Spent yesterday adding a bit more length to the cameroceras' cone. I was using the measurements I found in the book, "Swimming with Sea Monsters". They had the shell a bit shorter than the 11 meters I found online. No worries. The project isn't on any time schedule. I am only doing it because I want to. :cyclops:

I will look around a bit to see what I might reasonably populate the base with (sponges, a few trilobites, who knows?) It should be enough to make it interesting without attracting attention away from the model.

Any idea how long it took cameroceras to get so large? How lived-in should the shell appear? Should there be a few barnacles?

How about algal growth? The shell is as long as a minisub and never leaves the water. The animal can't groom or clean its shell --- its arms aren't long enough. So what sort of grime should be present and how much is reasonable?

The project is weeks away from replicating that grime. But I think about those things . . . :read:

-Leelan
 

modelnut

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Sordes!

Love your work, man! :shock: Very well done!

This one reminds me of a book by Eric Flint, Mother of Demons : http://www.amazon.com/Mother-Demons-Eric-Flint/dp/067187800X/ref=sr_1_43?ie=UTF8&s=books&qid=1209054925&sr=1-43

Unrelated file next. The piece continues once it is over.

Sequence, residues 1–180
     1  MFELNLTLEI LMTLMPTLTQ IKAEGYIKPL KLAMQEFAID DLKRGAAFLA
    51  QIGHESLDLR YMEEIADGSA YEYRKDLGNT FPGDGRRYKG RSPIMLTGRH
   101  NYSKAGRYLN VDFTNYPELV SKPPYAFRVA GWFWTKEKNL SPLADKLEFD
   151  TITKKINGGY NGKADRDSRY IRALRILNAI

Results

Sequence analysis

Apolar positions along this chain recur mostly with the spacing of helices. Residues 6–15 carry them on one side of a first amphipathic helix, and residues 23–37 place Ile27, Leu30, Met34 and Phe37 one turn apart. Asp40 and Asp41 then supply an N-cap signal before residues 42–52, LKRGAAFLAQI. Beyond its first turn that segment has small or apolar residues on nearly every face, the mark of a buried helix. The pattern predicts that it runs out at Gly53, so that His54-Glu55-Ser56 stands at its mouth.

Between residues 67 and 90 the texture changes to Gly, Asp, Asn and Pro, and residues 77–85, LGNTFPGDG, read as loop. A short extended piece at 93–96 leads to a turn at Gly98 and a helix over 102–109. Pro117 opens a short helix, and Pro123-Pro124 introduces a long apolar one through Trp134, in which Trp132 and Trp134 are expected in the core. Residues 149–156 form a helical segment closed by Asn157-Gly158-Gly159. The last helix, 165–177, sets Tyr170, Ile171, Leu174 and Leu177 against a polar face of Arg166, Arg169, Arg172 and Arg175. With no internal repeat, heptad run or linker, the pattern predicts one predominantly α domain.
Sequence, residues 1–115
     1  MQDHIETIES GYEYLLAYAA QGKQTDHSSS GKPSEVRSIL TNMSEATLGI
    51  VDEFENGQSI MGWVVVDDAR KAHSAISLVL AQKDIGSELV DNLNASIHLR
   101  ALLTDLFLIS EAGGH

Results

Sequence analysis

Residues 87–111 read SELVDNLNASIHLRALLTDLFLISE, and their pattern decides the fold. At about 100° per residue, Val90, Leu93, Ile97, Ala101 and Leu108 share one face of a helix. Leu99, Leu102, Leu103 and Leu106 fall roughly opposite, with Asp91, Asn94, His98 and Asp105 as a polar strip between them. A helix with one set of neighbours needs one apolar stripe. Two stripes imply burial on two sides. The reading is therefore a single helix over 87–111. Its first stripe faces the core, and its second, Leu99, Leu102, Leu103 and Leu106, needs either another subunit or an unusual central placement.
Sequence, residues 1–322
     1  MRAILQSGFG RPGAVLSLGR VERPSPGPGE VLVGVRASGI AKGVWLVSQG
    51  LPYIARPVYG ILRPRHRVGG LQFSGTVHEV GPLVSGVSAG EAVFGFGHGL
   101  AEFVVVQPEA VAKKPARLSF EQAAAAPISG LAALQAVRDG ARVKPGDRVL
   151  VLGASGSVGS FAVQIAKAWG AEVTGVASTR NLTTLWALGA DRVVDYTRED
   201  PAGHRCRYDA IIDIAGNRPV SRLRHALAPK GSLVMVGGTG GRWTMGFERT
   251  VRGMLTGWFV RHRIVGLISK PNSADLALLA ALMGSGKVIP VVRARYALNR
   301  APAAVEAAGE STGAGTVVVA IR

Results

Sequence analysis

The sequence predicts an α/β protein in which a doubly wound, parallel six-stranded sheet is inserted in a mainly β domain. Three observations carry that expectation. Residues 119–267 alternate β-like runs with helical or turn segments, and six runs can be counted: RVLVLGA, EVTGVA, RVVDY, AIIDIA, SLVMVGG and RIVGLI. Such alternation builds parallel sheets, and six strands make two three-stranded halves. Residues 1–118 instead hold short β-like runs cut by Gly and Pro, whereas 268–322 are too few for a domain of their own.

cthulhuoid4.JPG


Humans try to colonize a distant planet only to find an intelligent species already in charge --- intelligent terrestrial cephalopods!

Very professional! Maybe someday I will be as good. Just have to keep at it. :banghead:

Here is another that I have done: http://starshipmodeler.org/gallery6/ll_basil.htm
It isn't a cephalopod but it probably ate them.

Going to do more research now. Check with you all later!

-Leelan
 

Sordes

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At the base of my last model I did spend a lot of time sculpting little sponges, coralls and old shells of dead orthocones, but unpainted it still looks a bit boring. The orthocone shells I saw in the paleontological collection in Tübingen had all a very smooth surface without any signs of additional growth. But I don´t know how the shells of the very large ones looked. But given the fact that even modern giant and colossal squid live only for some years, it could be that those ancient giant grew also very fast, and their shells looked even at the end of their lifes very "proper", similar to nautilus shells.